The last surviving member of the original Washington Senators pitched an incredible quarter-century in the majors, making his first World Series appearance with Minnesota in 1965. The southpaw started three games against Sandy Koufax -- outdueling the Hall of Famer with a complete game shutout in Game 2 -- during Minnesota's seven-game defeat at the hands of the Dodgers. Seventeen years later, Kaat won his only World Series ring working out of the bullpen for St. Louis as the Cardinals defeated the Brewers in seven.
10 of 15Al Bello/Getty Images
Ron Hextall, 10 years
Philadelphia's first-year goaltender stood on his head between the pipes throughout a dramatic seven-game standoff against the Oilers in the 1987 Stanley Cup Finals. The Flyers ultimately lost the series but Hextall took home the Conn Smythe Trophy as MVP of the playoffs. Hextall's second title shot, following a decade-long wait, proved considerably less memorable: Philly's punchless offense mustered just six goals in a four-game sweep against Detroit.
11 of 15David E. Klutho/SI, AP
Ray Bourque, 11 years
Bourque's lone Stanley Cup Finals appearance in 21 seasons with the Bruins came during his career year in 1990, when the longtime Boston captain finished second to Mark Messier in the closest-ever balloting for the Hart Trophy. The defenseman requested a trade from the floundering Bruins during the 2000 season -- hoping for one last title shot -- and landed in Colorado. Bourque played one-and-a-half more seasons and helped the Avalanche to a seven-game victory in the 2001 Finals. Three days later, Bourque brought the Cup back to Boston for an emotional downtown rally.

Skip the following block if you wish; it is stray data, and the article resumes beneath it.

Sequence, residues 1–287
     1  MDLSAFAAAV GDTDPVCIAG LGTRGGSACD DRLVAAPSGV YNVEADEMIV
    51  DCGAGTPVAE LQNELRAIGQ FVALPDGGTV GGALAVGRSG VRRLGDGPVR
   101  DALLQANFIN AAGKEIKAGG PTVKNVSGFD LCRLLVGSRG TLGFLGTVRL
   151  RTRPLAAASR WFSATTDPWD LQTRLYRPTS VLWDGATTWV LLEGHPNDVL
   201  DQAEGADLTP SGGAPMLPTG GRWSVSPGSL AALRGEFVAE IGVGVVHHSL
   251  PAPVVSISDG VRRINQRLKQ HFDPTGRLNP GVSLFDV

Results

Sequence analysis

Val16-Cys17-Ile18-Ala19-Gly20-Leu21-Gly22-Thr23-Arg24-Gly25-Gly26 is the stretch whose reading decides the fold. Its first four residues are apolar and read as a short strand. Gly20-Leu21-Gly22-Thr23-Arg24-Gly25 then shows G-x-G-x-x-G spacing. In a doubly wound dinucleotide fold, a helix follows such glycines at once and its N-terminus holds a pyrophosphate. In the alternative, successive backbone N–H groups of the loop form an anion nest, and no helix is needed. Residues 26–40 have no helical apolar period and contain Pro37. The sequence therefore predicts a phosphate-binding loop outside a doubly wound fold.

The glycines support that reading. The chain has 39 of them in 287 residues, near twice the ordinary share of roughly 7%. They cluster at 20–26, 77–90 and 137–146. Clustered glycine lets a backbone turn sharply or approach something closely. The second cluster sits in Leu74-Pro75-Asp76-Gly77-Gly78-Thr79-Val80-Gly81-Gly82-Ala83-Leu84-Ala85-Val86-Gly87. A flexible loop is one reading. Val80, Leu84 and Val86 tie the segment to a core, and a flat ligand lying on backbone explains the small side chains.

12 of 15Lou Capozzola/SI, AP
Brett Hull, 13 years
After playing two seasons of college hockey for Minnesota-Duluth, Hull turned pro and joined the Flames midway through the 1986 Stanley Cup playoffs. The 21-year-old winger played in just two contests as Calgary won its first-ever conference title before falling to Montreal in five games. After 11 prolific seasons with St. Louis, Hull inked a free-agent contract with Dallas and led the Stars into the Finals, where his controversial triple-overtime goal in Game 6 secured the franchise's first-ever Stanley Cup.
13 of 15Heinz Kluetmeier/SI, Chuck Solomon/SI
Dino Ciccarelli, 14 years
No player in league history endured a longer drought between Stanley Cup Finals appearances than Ciccarelli, who many consider the best player to never win an NHL title. The Canadian-born winger scored 14 postseason goals as a rookie to help lead the Minnesota North Stars to their first-ever Finals -- before dropping a five-game series against the heavily favored Islanders. Cicarelli returned to the brink of the championship 14 seasons later as a member of a Detroit team that entered the playoffs with the league's best record -- but a surprising four-game sweep at the hands of New Jersey promptly ended his title hopes.
14 of 15Bongarts/Getty Images, Michael Steele/Getty Images
Lothar Matthaus, 12 years
The longtime German national played in five World Cups from 1982 through 1998, skippering <i>Die Nationalelf</i> to its third-ever title in 1990. But the international successes sharply contrast the legendary Champions League disappointments. In the 1987 final, his Bayern Munich team lost 2-1 against F.C. Porto after coughing up a 1-0 lead in the last 12 minutes. A shot at redemption 12 years later proved even more gut-wrenching: With just four minutes left and Munich nursing a 1-0 lead over Manchester United, the aging Matthaus exited the game for a substitute -- and watched the English club score twice during injury time for a stunning 2-1 victory.
15 of 15Ken Regan/SI, Will Hart/SI
George Foreman, 16 1/2 years
After suffering his lone career knockout against Muhammad Ali in the Rumble in the Jungle, Foreman sank into a deep depression and remained inactive for two years. After six more fights during 1976 and 1977, Foreman spent 10 years in retirement before announcing a comeback. The brawny 41-year-old finally earned another shot at the title against undisputed champion Evander Holyfield, impressing many doubters in going the distance before dropping a unanimous decision. (Three years later, Foreman became the oldest-ever heavyweight champ with a shocking 10th-round knockout of Michael Moorer.)<br><br>Send comments to email@example.com
You May Like
More More Sports
Sign Up for our Newsletter
Don't get stuck on the sidelines! Sign up to get exclusives, daily highlights, analysis and more—delivered right to your inbox!